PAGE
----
Thru-hikers or long-distance backpackers tend to worry more about how many calories are in each pound of their food. They want to make sure that they’re maximizing that ratio so that their food is as light as possible while they’re also getting as many calories as possible. But when you’re on a section hike or a weekend trip, this isn’t something that people generally stress about as much.

Food Storage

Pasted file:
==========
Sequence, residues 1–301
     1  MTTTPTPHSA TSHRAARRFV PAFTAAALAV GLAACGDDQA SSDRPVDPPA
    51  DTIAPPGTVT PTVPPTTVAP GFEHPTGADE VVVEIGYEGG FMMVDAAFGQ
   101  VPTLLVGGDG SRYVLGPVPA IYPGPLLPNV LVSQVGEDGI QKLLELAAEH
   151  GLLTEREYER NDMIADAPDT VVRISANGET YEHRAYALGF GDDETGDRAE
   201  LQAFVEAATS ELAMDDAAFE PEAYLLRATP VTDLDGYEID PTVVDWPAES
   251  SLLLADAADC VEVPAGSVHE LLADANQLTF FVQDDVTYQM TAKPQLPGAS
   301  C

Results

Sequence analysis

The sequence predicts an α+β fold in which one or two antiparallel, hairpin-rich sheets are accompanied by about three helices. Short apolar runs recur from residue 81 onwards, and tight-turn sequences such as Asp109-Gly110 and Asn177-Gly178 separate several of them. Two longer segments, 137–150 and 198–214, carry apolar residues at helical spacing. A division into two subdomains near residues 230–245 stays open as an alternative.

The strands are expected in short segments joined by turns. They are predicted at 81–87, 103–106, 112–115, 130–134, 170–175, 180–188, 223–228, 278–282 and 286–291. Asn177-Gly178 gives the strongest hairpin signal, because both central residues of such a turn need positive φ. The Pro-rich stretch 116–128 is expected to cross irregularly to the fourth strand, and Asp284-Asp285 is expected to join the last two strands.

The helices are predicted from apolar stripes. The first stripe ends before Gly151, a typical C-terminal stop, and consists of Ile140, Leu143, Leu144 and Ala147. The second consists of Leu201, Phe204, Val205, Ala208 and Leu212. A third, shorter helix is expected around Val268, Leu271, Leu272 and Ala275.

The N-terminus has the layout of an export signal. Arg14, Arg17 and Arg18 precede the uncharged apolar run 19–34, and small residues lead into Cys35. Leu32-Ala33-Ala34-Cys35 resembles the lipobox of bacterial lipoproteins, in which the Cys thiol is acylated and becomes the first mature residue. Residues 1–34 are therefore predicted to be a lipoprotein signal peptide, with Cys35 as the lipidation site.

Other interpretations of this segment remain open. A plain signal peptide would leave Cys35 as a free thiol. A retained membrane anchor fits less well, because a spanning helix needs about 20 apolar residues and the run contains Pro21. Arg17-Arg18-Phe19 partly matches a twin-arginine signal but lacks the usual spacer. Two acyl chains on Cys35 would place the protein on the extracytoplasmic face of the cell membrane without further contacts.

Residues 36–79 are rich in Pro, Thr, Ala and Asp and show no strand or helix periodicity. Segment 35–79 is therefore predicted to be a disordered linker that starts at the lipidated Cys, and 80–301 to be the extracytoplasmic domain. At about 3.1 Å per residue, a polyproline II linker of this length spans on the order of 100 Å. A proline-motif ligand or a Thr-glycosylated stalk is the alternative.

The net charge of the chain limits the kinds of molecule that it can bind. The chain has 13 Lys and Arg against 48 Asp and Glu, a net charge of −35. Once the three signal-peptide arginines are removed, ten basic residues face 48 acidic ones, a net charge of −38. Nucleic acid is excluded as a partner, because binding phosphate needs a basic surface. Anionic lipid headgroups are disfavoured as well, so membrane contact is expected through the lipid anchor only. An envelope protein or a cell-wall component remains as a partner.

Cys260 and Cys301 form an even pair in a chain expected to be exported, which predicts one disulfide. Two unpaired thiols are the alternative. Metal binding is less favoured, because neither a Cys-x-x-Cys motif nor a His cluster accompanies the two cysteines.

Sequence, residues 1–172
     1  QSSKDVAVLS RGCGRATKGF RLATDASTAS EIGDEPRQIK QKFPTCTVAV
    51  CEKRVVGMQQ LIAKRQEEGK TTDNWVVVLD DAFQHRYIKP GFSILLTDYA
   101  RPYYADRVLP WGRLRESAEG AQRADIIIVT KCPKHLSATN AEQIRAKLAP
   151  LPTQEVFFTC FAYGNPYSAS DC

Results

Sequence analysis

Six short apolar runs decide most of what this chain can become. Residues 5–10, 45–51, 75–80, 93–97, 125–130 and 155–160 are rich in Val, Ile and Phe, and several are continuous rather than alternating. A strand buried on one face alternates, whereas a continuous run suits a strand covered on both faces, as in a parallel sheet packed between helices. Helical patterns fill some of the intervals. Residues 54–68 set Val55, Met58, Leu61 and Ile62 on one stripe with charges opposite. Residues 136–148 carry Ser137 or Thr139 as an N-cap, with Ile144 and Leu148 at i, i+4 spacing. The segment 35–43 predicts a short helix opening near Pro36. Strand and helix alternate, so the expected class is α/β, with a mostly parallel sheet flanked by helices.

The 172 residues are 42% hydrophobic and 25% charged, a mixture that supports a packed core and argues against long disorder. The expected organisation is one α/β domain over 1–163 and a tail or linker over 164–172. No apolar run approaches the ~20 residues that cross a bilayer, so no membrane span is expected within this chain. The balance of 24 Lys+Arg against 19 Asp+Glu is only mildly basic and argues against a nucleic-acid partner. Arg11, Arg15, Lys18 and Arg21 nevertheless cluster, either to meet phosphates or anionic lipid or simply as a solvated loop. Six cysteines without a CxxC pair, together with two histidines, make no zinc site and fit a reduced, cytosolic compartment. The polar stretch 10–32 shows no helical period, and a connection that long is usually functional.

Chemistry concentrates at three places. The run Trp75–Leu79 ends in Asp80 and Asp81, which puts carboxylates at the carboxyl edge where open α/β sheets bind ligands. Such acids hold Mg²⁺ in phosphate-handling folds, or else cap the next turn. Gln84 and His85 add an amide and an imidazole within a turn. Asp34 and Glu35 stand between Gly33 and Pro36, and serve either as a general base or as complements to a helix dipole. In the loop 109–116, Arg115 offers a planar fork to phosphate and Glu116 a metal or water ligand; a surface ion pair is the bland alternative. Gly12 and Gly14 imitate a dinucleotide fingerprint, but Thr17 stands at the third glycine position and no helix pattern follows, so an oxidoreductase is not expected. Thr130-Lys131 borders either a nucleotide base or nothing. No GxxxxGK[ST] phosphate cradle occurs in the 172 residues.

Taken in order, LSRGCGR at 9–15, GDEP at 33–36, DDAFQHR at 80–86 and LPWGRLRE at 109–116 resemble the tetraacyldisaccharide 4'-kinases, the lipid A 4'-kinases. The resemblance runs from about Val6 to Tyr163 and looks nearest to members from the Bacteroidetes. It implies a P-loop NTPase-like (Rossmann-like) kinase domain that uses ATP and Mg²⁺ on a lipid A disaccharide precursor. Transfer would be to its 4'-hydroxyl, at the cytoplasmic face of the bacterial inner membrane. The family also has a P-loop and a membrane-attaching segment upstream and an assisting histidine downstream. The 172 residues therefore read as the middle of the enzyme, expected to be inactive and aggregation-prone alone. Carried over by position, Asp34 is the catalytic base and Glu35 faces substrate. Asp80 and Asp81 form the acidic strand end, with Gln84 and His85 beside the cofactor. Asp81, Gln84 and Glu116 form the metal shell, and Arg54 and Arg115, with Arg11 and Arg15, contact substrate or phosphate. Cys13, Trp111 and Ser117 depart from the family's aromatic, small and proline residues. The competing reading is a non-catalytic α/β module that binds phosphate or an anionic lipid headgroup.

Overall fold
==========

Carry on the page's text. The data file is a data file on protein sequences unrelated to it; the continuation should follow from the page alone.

Once you have all of that good food picked out you’re going to carry with you on your backpacking trip, you need to have something to keep in. Most people go with a lightweight waterproof bag that has a roll-down top and then clicks together. As far as sizing goes, if you’re going on a trip for up to five days, a 15-liter bag is a pretty good place to start. On my thru-hike of the AT, I carried a 15-liter bag that was pretty cheap. For PCT and CDT, I carried the Zpacks Ultralight Bear Bagging Kit, which is 14-liter but because of the shape of the bag, it held my food a lot better than the bag did that I used on the Appalachian Trail.